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Dentist Discusses the Cold and Flu Remedies That Can Harm Your Teeth

November 16, 2019

Filed under: Uncategorized — longfamilydental @ 1:59 pm

A couple who has the fluBeing sick is the pits. And while cold and flu season is here, at least there are plenty of over-the-counter medications available to help you recover as quickly as possible. Unfortunately, however, there are many cold and flu remedies that can harm your teeth and significantly increase your risk of cavities. And the last thing you want to deal with after being sick is an unexpected toothache or dental work! Keep reading below to find out how to recover from a cold or flu without winding up in the dental chair.

Cold and Flu Remedies That Can Harm Your Teeth

  • Decongestants – Although they’re made to dry out your sinuses, decongestants also dry out your mouth as well. Less salivary flow means you’re at greater risk for cavities because plaque, sugars, and acids adhere to your teeth instead of being washed away.
  • Cough drops and lozenges – Frequently using cough drops and lozenges that contain sugar is just as detrimental as sucking on hard candy throughout the day. Look for a sugar-free option instead.
  • Cough syrup – Cough syrup is harmful for several reasons. It not only contains both sugar and alcohol but also sticks to your teeth. If possible, use gel-caps instead of liquid.
  • Orange juice – Although orange juice has a lot of vitamin C, it also contains a lot of acid and sugar, both of which erode your enamel and increase your risk of tooth decay.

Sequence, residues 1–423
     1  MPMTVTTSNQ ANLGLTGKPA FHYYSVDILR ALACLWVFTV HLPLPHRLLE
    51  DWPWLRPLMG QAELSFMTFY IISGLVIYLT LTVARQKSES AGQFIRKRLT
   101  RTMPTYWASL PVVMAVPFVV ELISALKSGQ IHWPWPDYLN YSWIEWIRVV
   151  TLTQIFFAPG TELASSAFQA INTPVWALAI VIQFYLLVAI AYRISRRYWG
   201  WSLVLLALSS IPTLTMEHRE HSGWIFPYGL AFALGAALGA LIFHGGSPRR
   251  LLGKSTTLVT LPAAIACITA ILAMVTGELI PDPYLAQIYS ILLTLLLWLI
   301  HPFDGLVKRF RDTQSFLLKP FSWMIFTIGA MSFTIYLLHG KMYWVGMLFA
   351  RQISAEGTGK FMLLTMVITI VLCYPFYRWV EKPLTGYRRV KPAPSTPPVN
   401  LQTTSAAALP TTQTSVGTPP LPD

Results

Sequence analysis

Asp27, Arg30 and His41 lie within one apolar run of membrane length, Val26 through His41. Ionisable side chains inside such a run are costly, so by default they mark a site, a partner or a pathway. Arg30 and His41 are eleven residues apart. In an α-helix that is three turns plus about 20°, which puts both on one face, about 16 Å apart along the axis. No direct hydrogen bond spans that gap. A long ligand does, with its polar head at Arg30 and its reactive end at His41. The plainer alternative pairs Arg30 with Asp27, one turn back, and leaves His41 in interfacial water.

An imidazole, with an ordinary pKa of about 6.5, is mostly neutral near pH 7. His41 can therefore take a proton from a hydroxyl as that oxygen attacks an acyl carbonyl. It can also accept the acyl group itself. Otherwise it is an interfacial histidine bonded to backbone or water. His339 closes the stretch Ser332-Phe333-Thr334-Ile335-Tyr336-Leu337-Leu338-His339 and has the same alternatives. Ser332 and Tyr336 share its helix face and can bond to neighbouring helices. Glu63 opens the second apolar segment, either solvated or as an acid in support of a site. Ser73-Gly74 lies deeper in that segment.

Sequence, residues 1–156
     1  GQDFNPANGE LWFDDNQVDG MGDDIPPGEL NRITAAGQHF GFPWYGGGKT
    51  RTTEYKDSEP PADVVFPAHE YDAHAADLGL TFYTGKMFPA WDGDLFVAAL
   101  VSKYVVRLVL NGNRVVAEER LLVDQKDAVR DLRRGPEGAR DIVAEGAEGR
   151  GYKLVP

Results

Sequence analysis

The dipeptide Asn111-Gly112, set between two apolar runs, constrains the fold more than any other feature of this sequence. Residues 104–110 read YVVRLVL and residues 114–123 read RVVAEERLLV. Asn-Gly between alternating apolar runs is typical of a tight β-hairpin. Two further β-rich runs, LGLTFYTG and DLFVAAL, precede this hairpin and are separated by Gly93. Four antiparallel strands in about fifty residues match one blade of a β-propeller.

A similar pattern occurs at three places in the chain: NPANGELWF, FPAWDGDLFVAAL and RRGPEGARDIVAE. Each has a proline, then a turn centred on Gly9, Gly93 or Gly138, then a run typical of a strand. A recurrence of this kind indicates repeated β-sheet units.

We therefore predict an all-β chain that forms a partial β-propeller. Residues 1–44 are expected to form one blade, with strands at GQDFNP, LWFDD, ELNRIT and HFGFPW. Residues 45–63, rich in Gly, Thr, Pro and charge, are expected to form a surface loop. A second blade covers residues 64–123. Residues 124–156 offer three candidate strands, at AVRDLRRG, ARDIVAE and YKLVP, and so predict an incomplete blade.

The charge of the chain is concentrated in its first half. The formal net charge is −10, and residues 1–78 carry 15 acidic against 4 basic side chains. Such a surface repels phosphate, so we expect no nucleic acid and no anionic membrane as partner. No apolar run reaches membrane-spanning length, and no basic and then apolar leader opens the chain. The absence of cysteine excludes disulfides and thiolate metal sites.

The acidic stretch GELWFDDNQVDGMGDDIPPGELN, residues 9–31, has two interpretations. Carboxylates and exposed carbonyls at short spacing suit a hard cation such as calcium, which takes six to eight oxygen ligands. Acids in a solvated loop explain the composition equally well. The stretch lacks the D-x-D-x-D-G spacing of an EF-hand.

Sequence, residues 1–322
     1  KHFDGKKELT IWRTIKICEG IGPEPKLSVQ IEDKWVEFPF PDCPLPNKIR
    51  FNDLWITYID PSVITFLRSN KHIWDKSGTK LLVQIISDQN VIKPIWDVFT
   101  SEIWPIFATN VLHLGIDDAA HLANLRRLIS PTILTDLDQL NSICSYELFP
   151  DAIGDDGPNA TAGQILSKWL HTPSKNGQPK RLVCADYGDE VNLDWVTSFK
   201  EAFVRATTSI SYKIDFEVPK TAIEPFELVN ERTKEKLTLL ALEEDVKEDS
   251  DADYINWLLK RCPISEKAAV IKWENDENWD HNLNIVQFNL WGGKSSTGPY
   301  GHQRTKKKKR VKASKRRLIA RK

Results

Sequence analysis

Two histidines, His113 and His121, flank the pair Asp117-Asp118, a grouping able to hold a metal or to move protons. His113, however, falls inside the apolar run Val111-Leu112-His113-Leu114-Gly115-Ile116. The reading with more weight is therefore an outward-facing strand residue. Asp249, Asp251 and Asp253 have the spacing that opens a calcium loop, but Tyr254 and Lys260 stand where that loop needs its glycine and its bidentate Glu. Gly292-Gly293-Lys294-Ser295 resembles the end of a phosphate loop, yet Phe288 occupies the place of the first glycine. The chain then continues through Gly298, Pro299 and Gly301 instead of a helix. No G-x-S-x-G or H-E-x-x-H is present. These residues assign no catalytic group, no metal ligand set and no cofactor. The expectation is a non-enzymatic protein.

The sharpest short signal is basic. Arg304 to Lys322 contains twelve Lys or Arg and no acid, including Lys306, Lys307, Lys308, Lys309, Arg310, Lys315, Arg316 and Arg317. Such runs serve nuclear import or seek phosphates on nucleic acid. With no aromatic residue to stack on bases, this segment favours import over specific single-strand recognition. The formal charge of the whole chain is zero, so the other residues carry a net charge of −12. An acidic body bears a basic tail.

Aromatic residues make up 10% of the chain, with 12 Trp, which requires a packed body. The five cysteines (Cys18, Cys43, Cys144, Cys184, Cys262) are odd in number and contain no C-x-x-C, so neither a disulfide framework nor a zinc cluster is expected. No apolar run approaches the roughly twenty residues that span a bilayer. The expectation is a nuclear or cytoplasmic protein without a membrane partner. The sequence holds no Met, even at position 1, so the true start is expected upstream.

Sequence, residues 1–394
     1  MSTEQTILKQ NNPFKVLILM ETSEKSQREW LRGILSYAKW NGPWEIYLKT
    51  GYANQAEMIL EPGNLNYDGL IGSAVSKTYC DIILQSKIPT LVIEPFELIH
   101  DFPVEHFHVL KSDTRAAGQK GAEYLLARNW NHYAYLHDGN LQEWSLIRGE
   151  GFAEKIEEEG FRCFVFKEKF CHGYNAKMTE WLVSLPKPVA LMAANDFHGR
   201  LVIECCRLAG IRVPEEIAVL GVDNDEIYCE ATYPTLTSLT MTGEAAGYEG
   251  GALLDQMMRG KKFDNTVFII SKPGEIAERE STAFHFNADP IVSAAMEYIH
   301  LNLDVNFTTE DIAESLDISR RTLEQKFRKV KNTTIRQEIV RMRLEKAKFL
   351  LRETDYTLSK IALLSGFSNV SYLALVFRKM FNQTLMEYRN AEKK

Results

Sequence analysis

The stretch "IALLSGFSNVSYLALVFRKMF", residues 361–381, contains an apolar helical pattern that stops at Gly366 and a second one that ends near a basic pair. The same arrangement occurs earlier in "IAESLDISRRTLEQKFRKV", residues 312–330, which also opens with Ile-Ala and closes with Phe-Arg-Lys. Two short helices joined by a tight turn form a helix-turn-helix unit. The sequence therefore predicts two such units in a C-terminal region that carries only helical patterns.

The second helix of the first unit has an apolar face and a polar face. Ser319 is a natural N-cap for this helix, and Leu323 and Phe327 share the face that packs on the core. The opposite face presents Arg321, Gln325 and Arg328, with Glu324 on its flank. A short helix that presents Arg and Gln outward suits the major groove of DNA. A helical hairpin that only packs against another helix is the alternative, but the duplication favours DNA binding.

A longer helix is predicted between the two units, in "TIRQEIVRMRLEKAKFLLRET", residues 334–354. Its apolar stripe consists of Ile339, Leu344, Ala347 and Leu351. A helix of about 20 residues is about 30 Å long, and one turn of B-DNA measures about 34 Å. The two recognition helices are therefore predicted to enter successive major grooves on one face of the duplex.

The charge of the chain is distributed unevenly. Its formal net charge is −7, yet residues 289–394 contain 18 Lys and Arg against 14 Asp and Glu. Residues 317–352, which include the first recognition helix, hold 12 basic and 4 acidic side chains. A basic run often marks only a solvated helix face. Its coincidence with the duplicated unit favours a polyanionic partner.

How To Maintain Your Oral Health During Cold and Flu Season

You can still use the remedies listed above to get relief from a cold or flu. But it’s helpful to take a few precautions to minimize any harm to your teeth. First, drink a lot of plain water throughout the day. This will rinse away any residue from cough syrup or orange juice and also hydrate you. If you’re experiencing dry mouth, chewing sugar-free gum is a great way to stimulate salivary flow for natural cavity prevention.

And even though brushing and flossing may be the last thing on your mind, try your best to do it anyway. It’s also helpful to use a fluoride mouthwash a couple of times a day to strengthen your enamel and prevent decay.

Finally, after you’ve recovered, schedule a checkup and cleaning with a dentist. They’ll do a thorough exam and make sure your teeth and gums are healthy, and a professional cleaning will help your teeth look and feel their best.

When you’re sick, the only thing you want is to feel better soon. With these tips, you’ll be able to recover fast and protect your smile at the same time.

About the Author

Dr. Robert Long is a native of the Cleburne area and has been a dentist for over 25 years. He understands the surprising oral health risks of various medications and always makes an effort to educate his patients to help them prevent cavities. If you have any questions about flu remedies that can harm your teeth, you can reach Dr. Long via his website.

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